Economics Nobel Recognizes Nature and Knowledge

William Nordhaus, left, and Paul Romer

Two academics who have integrated what might have once seemed like non-economic externalities into economic models have been awarded the 2018 Sveriges Riksbank Prize in Economic Sciences in Memory of Alfred Nobel, popularly known as the Nobel Prize in economics. The winners are William D. Nordhaus of Yale University, cited for integrating climate change into macroeconomic analysis, and Paul M. Romer of New York University’s Stern School of Business, cited doing the same with technological innovations.

The laureates will split a prize of 9 million Swedish krona, roughly a million U.S. dollars.

“The contributions of Paul Romer and William Nordhaus are methodological,” the Nobel Committee detailed in a release, “providing us with fundamental insights into the causes and consequences of technological innovation and climate change. This year’s Laureates do not deliver conclusive answers, but their findings have brought us considerably closer to answering the question of how we can achieve sustained and sustainable global economic growth.”

Nordhaus, who was born in Albuquerque, New Mexico in 1941, started studying the interaction between the natural and the social world in the 1970s, and by the 1990s had created an “integrated assessment model” that quantitatively describes how environmental  forces and economic forces influence each other.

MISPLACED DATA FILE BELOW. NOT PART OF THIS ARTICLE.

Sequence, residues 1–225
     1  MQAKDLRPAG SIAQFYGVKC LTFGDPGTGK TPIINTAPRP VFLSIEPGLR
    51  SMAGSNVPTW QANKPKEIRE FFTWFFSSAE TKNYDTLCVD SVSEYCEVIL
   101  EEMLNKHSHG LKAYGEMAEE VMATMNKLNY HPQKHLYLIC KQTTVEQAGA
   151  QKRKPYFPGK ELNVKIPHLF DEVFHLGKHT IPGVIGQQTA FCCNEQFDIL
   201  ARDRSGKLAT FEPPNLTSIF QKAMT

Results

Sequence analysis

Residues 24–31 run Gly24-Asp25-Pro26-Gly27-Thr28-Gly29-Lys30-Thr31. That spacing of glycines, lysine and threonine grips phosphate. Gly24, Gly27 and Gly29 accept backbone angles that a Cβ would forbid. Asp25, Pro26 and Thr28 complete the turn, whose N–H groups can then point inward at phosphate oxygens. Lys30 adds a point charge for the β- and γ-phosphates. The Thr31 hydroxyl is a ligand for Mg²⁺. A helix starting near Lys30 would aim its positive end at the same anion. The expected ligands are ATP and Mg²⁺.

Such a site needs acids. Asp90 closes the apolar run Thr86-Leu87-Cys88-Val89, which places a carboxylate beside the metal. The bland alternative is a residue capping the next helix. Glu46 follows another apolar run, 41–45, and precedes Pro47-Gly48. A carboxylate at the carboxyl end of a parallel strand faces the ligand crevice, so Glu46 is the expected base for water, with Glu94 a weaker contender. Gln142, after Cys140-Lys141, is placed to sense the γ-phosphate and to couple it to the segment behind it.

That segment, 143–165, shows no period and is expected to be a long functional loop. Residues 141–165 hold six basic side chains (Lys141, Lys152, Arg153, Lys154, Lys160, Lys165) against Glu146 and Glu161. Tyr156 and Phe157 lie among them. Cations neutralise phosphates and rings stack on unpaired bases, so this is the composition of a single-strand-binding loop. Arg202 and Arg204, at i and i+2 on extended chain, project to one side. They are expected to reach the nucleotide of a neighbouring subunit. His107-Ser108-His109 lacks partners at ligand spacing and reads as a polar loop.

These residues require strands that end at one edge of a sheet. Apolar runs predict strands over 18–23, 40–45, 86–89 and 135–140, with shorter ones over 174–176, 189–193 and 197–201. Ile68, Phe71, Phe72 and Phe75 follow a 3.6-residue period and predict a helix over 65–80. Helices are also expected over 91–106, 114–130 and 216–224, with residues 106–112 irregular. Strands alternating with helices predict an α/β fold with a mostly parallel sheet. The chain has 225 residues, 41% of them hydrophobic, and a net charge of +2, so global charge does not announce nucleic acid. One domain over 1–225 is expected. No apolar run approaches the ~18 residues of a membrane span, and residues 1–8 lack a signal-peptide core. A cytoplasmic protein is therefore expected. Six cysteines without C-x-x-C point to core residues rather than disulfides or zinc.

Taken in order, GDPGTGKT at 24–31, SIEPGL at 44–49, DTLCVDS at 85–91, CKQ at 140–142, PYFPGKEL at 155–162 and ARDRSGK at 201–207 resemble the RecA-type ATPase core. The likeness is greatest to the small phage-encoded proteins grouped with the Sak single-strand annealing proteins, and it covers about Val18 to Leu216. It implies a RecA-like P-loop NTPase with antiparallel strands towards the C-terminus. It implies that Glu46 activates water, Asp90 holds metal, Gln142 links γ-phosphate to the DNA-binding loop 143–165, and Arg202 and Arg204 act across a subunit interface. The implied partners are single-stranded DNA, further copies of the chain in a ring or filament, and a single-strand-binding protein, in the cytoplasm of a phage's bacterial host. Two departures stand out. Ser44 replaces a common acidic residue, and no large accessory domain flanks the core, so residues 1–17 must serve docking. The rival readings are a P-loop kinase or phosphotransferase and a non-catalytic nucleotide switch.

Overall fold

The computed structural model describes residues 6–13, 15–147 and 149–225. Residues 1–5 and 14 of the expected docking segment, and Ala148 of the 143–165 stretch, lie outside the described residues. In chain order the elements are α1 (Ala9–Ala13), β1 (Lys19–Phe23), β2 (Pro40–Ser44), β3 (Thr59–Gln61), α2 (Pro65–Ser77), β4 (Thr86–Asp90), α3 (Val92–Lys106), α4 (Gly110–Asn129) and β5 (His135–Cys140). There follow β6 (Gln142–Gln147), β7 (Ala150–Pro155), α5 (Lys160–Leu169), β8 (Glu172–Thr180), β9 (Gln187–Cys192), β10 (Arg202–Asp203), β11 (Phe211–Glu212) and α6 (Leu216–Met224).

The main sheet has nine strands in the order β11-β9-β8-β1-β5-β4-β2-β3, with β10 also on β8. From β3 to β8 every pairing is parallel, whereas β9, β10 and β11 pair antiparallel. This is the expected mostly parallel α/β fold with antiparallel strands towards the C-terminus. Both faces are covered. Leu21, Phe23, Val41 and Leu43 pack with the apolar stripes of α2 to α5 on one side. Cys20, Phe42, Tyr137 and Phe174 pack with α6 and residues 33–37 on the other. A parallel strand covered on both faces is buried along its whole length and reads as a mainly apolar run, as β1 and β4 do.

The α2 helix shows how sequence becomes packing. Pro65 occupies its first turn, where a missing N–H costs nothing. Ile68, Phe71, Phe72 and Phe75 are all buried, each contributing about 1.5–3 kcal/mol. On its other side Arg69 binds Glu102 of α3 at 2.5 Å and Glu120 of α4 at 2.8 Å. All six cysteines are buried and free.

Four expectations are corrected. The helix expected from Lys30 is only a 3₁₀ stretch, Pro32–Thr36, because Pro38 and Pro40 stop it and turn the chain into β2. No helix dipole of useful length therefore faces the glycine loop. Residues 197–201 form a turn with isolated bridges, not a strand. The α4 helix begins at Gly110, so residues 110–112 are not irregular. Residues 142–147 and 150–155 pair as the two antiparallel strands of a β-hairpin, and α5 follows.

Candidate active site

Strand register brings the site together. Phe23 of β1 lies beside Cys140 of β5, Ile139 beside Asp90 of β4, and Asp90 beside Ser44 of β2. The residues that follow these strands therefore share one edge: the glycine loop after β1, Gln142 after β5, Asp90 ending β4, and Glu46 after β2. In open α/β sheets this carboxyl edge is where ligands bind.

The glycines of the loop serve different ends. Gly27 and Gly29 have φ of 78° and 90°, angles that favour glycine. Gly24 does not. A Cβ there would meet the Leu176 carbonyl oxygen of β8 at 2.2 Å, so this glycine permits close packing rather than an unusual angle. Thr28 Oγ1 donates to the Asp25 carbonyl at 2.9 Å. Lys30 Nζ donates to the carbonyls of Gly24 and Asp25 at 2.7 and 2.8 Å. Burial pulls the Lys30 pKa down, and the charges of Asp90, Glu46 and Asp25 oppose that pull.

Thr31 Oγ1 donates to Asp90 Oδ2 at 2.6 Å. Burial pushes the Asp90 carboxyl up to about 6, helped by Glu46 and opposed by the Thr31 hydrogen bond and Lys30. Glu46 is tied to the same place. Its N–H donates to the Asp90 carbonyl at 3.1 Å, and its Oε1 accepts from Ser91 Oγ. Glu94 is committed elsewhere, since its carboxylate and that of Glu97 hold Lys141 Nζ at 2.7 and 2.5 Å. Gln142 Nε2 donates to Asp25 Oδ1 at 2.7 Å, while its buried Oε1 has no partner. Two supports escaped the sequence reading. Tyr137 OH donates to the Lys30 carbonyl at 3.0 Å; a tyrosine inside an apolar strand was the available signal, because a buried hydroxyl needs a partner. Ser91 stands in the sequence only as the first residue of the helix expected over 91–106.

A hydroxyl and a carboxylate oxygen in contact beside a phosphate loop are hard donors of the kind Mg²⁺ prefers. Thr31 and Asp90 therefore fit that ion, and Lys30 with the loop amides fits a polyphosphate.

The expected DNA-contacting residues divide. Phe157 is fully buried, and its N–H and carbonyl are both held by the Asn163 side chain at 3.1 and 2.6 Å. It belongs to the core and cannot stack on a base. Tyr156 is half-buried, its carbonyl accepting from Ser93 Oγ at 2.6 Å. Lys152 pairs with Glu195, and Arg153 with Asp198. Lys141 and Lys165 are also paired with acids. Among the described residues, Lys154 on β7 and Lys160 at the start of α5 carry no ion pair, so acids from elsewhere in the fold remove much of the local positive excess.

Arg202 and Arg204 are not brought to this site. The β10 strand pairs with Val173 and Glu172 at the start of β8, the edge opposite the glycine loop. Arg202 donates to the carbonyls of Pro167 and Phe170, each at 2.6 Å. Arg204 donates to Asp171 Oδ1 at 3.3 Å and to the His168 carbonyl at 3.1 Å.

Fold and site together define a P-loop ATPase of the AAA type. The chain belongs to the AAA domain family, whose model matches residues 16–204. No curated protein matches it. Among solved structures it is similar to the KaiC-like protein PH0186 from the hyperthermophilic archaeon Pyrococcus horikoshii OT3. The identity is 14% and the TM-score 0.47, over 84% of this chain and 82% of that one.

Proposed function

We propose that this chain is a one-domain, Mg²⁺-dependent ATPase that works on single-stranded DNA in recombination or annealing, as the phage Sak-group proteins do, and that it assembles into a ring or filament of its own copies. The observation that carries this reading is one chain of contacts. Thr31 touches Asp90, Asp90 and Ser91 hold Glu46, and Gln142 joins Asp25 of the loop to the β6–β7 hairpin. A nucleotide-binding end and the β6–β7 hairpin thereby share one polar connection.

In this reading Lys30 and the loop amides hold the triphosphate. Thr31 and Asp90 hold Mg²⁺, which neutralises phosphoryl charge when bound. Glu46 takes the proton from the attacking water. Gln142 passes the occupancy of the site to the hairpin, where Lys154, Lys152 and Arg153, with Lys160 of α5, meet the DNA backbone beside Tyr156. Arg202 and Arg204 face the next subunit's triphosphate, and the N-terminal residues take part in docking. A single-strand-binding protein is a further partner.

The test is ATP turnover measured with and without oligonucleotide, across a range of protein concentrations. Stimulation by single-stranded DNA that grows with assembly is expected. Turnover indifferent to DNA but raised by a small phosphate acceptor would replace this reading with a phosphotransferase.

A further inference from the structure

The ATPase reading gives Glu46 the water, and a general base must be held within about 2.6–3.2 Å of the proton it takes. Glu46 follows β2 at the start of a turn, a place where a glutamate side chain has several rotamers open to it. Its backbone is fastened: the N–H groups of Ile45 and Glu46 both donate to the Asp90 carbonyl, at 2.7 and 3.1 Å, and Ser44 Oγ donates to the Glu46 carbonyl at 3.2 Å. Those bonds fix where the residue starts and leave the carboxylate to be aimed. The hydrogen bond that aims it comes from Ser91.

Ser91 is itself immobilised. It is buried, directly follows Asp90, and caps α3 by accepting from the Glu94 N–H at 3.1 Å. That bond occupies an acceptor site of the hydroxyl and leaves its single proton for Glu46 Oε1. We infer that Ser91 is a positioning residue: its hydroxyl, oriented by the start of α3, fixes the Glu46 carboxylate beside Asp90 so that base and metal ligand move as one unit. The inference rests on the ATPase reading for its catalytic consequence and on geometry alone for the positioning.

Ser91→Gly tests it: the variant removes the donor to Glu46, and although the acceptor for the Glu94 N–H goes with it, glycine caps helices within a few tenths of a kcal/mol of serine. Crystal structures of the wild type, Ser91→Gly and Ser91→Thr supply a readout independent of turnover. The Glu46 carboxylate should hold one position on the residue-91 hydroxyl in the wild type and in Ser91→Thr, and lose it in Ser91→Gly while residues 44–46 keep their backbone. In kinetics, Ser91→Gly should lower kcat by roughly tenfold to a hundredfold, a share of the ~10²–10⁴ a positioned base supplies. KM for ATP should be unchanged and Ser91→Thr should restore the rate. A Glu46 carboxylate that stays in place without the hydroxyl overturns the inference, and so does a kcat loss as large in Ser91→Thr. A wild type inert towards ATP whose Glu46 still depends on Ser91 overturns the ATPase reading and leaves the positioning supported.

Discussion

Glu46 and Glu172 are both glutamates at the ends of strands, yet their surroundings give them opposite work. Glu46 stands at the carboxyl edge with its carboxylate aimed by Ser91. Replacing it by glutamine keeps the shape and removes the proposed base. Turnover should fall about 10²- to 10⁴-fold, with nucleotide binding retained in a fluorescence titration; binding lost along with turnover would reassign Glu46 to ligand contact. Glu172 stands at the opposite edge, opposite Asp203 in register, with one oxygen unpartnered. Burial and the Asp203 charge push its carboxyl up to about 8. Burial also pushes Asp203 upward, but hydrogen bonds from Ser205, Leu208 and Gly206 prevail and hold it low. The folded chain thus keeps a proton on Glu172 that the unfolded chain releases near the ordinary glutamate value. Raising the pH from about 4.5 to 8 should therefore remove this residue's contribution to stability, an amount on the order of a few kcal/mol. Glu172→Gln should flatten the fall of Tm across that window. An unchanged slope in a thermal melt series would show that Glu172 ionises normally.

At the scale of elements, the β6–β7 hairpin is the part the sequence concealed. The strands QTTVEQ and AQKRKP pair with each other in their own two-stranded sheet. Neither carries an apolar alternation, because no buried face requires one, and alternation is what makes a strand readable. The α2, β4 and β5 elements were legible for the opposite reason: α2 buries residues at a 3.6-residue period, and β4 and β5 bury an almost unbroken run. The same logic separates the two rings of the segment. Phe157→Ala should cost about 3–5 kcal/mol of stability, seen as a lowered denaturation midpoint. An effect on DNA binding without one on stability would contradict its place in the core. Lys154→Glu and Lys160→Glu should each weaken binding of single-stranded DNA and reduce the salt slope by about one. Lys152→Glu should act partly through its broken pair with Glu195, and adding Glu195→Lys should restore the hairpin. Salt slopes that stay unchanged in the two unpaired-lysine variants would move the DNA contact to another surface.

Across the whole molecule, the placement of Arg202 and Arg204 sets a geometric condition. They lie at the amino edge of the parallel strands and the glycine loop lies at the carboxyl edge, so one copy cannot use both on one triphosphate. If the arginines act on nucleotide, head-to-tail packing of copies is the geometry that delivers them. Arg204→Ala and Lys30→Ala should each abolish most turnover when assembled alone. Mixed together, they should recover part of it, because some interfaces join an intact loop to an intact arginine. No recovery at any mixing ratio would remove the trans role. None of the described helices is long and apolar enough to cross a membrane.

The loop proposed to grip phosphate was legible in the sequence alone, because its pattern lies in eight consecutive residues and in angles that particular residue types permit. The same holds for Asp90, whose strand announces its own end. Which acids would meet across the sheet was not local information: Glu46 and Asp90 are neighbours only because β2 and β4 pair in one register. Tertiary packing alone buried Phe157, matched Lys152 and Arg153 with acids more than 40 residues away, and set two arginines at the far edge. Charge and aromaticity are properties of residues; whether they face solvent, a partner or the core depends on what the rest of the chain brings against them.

The models have three separate but interacting modules: carbon circulation and emission, the greenhouse gas feedback loop, and economic growth (including energy inputs), with each modules’ outputs as roughly carbon concentration, global temperature and a time path combining GDP, welfare and global CO2 emissions.

“His tools,” wrote the committee, “allow us to simulate how the economy and climate would co-evolve in the future under alternative assumptions about the workings of nature and the market economy, including relevant policies. His models address questions about the desirability of different global scenarios and specific policy interventions.”

Romer, born in Denver in 1955, is a Romer is former chief economist of the World Bank. He started his path to the Nobel by noticing that while existing economic theories explained models many economic facts on the ground, but not recurring differences in the rate of growth. Exploring this terra incognita, Romer posited that increases in ideas lay behind these persistent and measurable differences.

“Romer’s breakthrough article showed how the rivalry and excludability of ideas determine economic growth,” the committee noted. “Romer believed that a market model for idea creation must allow for the fact that the production of new goods, which are based on ideas, usually has rapidly declining costs: the first blueprint has a large fixed cost, but replication/reproduction has small marginal costs. … Romer also showed that growth driven by the accumulation of ideas, unlike growth driven by the accumulation of physical capital, does not have to experience decreasing returns. In other words, ideas-driven growth can be sustained over time.”

Furthermore, he argues that while markets will produce technological changes (ideas made manifest), but unregulated markets will skimp on the necessary research to sustain the flow, and so government assist like robust patent laws and research grants are vital.

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